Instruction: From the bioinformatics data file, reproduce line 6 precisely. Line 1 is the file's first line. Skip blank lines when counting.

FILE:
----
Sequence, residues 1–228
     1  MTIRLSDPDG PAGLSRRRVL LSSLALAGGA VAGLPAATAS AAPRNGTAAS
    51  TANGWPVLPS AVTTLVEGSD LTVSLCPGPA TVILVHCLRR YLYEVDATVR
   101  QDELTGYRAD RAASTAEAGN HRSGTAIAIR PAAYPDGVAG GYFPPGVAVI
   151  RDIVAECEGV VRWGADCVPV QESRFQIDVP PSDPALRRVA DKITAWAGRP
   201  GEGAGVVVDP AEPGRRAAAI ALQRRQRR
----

   201  GEGAGVVVDP AEPGRRAAAI ALQRRQRR